Post refreshments, we continue with a series of conversations with Lisa Weinstein, President of Global Digital & Search at Starcom MediaVest Group; Sarah Bernard, Deputy Director of The White House Office of Digital Strategy; and Alfredo Gangotena, Chief Marketing Officer of MasterCard.

Day one’s sponsor spotlight is Luminate. CEO Bob Lisbonne takes us on a visual journey that highlights New Opportunities for Consumers, Publishers & Brands.

Tuesday, May 15th presents a full conference day that begins at 9am sharp with an intellectual and entertaining conversation with one of Silicon Valley’s most well-connected investors, Ron Conway of SV Angels. From there we move forward with a day centered around the industry’s major technology platforms with presentations from Microsoft, Twitter, Nokia, Tapjoy (a youthful yet successful startup that’s creating a marketplace for mobile games), Salesforce.com, and StumbleUpon.

Day two conversations feature:

  • Marc Speichert, Chief Marketing Officer at L’Oreal USA, not only responsible for driving and enhancing innovation for the company’s Consumer, Luxury, and Professional Products, as well as Active Cosmetics, in this role, Marc also runs Corporate Strategic Marketing, Media & Digital, and Consumer Market Intelligence.
  • Jim Lanzone, President of CBS Interactive, on a discourse about the current and future state of premium video content and Internet video channels.
  • Clara Shih, Founder of enterprise social media software company Hearsay Social and New York Times bestselling author of The Facebook Era: Tapping Online Social Networks to Market, Sell and Innovate.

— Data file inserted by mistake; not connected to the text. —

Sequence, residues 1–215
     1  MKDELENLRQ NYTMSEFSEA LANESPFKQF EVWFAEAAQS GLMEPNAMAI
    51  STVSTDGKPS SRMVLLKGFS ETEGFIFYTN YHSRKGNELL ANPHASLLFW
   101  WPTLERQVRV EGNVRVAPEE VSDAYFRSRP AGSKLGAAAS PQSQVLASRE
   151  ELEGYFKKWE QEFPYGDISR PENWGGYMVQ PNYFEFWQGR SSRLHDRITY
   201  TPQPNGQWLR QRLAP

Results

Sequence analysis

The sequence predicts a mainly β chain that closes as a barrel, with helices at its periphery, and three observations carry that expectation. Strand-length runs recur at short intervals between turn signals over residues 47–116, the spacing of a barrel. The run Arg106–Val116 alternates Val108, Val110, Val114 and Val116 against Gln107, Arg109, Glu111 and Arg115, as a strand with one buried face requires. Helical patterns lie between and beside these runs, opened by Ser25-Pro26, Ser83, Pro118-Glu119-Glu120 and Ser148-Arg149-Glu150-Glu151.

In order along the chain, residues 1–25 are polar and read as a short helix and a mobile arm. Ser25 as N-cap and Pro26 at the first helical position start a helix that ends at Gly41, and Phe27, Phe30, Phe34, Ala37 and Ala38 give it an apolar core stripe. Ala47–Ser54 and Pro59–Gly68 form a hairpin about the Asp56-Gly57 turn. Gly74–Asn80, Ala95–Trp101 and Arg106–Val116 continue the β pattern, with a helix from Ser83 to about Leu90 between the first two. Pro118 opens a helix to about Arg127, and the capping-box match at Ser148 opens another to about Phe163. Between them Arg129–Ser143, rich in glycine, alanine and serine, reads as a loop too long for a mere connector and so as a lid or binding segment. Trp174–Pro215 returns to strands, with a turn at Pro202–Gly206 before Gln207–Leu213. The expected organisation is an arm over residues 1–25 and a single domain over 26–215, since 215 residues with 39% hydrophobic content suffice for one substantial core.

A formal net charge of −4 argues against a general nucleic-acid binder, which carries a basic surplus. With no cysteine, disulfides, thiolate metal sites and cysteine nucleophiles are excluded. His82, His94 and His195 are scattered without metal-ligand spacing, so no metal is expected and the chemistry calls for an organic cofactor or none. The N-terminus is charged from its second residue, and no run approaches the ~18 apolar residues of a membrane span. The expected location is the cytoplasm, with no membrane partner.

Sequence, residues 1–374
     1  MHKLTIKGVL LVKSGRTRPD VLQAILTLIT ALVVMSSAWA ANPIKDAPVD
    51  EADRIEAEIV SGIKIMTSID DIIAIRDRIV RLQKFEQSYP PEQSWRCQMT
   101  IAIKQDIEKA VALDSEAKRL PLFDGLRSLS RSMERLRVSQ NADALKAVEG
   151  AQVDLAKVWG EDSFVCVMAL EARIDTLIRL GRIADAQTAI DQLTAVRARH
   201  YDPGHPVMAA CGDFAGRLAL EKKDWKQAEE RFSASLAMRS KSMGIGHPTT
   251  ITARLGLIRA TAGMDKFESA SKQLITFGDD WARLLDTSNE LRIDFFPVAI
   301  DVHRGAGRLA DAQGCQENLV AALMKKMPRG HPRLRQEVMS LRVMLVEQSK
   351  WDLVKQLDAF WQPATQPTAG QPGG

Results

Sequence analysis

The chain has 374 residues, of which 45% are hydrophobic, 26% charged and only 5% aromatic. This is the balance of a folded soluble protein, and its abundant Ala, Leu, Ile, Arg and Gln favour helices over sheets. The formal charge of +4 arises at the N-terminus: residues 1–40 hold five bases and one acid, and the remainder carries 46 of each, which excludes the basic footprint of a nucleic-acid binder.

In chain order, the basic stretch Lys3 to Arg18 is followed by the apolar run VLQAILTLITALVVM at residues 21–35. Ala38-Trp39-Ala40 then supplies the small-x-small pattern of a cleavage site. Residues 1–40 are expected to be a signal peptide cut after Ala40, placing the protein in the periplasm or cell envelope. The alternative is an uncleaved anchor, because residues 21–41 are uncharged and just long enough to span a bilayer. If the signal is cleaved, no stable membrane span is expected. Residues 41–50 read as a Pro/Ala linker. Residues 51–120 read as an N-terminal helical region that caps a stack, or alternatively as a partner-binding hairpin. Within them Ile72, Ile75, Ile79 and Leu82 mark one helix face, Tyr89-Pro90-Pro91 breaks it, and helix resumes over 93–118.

• Alison Lewis, who’s official title of SVP of Marketing for North America at The Coca-Cola Company really translates to being the force behind how one of America’s historic companies maintains its brand leadership.

To add a little visionary spice to the mix, I’ll also be interviewing Gil Elbaz, an accomplished entrepreneur and pioneer of natural language technology. As the CEO of Factual, Gil lives in “the data layer,” making data more accessible for machines, developers, and marketers.

Additional companies presenting include The Wyndham Hotel Group, Sharethrough, and Upworthy. These sessions help highlight how existing content around the web can create real business ROI with just the right amount of attention and curation.

Day two’s sponsor spotlight is Meebo. CEO Seth Sternberg will focus on how to Balance User Experience with Revenue Generation.